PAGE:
5 Films With Accurate Native Representation

One of the biggest challenges facing Native Americans today is being misunderstood. This comes from incomplete or inaccurate history taught in schools, stereotypes, election statistics, lack of inclusion in research and Hollywood depictions. The truth is, most Americans hold at least some misconception about Native people, history and funding. To help everyone become more NativeAware®, here are 5 diverse shows or films with accurate representation of Native history and Native life today.

1. Reservation Dogs

The first all-Native programming on mainstream TV is Reservation Dogs. A comedy series about four Indigenous teenagers who want to leave their reservation in Oklahoma and head out west to California. The series was created and produced by Taika Watiti and Sterlin Harjo. What makes this show special is that it’s written by Indigenous writers telling Indigenous stories portrayed by Indigenous people. Both entertaining and educational, the American Film Institute listed it among the ten best TV programs for 2021, 2022 and 2023. It gives viewers a glimpse into real Native life and realities on the reservations today. In just three seasons, the show had 14 wins and 62 nominations, including Independent Spirit awards, a Peabody Award, Television Critics Awards, a Golden Globe nomination and more.

2. Killers of the Flower Moon

Set in 1920s Oklahoma, Killers of the Flower Moon sadly depicts a true story about serial murders of members of the Osage Nation and greed of the American people. This string of brutal crimes came to be known as the Reign of Terror — and it was all about the oil on Osage lands. Although many details from the book are omitted, the plot centers on the history of the Osage Nation and how they outmaneuvered legal precedent at the time. The Osage Nation and its members helped producer Martin Scorsese and author David Grann bring this story to light for the first time in 2023. As you may have heard, Lily Gladstone made history on January 7th as she became the first Native American to win a Golden Globe in the “Best Actress in a Motion Picture Drama” category for her performance in Killers of the Flower Moon.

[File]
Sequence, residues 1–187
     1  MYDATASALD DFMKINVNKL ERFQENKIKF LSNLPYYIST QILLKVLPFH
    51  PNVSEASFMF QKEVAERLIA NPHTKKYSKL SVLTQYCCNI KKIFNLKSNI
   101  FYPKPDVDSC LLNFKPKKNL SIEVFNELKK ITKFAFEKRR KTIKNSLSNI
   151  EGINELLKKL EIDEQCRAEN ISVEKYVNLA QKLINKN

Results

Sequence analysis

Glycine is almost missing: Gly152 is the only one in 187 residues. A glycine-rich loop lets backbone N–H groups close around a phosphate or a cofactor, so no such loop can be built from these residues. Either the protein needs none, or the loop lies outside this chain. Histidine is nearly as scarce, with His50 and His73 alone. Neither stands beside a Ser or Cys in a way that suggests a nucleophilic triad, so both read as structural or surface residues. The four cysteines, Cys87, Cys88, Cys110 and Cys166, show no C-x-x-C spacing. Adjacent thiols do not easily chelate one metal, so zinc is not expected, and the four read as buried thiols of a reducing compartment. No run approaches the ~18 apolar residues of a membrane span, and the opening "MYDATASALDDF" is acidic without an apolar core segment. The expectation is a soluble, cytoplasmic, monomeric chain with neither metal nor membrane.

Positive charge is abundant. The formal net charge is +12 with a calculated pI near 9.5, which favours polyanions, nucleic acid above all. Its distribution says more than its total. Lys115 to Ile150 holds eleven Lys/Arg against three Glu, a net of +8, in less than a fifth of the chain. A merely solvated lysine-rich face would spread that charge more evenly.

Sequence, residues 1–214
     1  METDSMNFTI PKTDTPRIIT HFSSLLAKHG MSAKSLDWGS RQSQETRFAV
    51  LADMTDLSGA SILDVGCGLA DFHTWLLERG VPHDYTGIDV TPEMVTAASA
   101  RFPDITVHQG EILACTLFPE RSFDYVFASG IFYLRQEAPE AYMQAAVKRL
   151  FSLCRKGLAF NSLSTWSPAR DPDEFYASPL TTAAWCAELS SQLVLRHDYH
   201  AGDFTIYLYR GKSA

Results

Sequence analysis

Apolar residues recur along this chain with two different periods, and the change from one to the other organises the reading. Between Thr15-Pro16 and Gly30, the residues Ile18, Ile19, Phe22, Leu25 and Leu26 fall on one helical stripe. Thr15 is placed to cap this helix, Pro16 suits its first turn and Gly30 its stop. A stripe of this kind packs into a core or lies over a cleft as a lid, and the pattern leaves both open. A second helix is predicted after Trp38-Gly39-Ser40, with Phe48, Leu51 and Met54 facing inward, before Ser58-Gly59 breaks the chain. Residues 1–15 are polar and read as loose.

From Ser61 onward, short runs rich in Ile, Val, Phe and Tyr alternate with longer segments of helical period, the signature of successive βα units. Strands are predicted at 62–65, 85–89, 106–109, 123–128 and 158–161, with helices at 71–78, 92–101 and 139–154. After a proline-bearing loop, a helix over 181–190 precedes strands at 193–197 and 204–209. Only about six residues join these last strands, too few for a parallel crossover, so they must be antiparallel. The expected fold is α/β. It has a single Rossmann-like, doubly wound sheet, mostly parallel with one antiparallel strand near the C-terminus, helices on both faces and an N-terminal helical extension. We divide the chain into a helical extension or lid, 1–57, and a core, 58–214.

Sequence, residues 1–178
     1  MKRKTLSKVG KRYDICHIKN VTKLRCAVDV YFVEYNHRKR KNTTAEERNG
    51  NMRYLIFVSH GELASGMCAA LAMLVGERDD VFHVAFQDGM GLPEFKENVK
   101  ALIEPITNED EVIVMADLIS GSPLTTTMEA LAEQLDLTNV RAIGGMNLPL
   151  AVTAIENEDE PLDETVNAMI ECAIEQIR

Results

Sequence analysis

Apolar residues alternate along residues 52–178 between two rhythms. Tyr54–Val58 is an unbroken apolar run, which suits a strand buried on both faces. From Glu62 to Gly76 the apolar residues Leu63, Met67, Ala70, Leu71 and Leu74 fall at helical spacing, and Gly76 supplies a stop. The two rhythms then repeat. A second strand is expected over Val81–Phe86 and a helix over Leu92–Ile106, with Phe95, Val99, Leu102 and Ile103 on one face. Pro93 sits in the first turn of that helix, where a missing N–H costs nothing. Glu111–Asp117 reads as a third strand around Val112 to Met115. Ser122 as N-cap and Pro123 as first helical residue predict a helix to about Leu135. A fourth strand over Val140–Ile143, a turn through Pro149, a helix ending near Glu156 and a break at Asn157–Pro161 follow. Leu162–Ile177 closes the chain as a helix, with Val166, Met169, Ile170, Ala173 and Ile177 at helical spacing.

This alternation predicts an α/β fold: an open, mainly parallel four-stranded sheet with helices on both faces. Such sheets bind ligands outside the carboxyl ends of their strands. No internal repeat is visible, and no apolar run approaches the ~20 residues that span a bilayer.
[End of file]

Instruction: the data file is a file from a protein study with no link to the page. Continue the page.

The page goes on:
3. Gather

Native ancestral food is medicine, but traditional foodways and health suffered due to colonization and federal commodity programs. Being in control over one’s foods is slowly coming back to Native people through seed banks, garden projects, foraging and nutrition training. A New York Times Critics’ Pick, Gather is a documentary by Sanjay Rawal that follows people from four different tribes on their journey of reclamation, addressing food insecurity to ancestral food practices. As the New York Times so aptly puts it, preserving and practicing cultural food traditions is part of remaining sovereign in the United States and healing from generational trauma caused by colonization. PWNA services are part and parcel of this Native American Food Movement.

4. Geronimo, An American Legend

As complex as it is, writers John Milius and Larry Gross recount the life of Chiricahua Apache leader Geronimo, his resistance to U.S. policy and expansion, and his eventual surrender. Starring Oscar-winning actor Wes Studi, the film accurately portrays Geronimo as a fighter but driven to those actions to protect what is left of his people, their land and culture. While Geronimo was intended as mainstream entertainment and is not historically accurate in every detail, Native Americans involved in the project say director Walter Hill attempted the most honest look yet at the legend. In addition, the film accurately portrays that the West was won through various forms of cultural genocide.

5. Wind River

This movie portrays the reality of Missing and Murdered Indian Women and Children (MMIWC) that still confronts Indian Country today. It’s about a Native woman who was killed and the red tape that keeps many Native women’s cases from being resolved by federal agents. While Wind River is fictional, the story is based on hundreds of actual stories just like the film and the injustice against Native women. Written and directed by Taylor Sheridan (creator of Yellowstone), the film tells a story inspired by real life concerns and ends with a chilling quote: “While missing person statistics are compiled for every other demographic, none exist for Native American women.” Interior Secretary Deb Haaland established the new Missing & Murdered Unit in 2021, so this issue is getting more attention but remains a problem.

As diverse as they are, these five shows and films are just a few of those with accurate details about Native people, history and modern life. To stay up to date on Native cinema and entertainment, follow the American Indian Film Institute, and follow @PWNA4hope on social media.

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